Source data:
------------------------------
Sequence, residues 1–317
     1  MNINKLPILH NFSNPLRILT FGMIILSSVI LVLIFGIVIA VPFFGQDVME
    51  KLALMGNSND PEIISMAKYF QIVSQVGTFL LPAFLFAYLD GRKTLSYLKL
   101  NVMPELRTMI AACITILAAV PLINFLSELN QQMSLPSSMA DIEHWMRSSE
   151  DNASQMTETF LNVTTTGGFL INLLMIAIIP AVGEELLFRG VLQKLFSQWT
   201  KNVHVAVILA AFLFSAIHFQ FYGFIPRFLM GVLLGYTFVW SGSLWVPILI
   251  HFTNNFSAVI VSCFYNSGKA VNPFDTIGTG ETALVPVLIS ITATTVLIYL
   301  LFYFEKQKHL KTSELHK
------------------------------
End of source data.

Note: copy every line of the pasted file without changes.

Sequence, residues 1–317
     1  MNINKLPILH NFSNPLRILT FGMIILSSVI LVLIFGIVIA VPFFGQDVME
    51  KLALMGNSND PEIISMAKYF QIVSQVGTFL LPAFLFAYLD GRKTLSYLKL
   101  NVMPELRTMI AACITILAAV PLINFLSELN QQMSLPSSMA DIEHWMRSSE
   151  DNASQMTETF LNVTTTGGFL INLLMIAIIP AVGEELLFRG VLQKLFSQWT
   201  KNVHVAVILA AFLFSAIHFQ FYGFIPRFLM GVLLGYTFVW SGSLWVPILI
   251  HFTNNFSAVI VSCFYNSGKA VNPFDTIGTG ETALVPVLIS ITATTVLIYL
   301  LFYFEKQKHL KTSELHK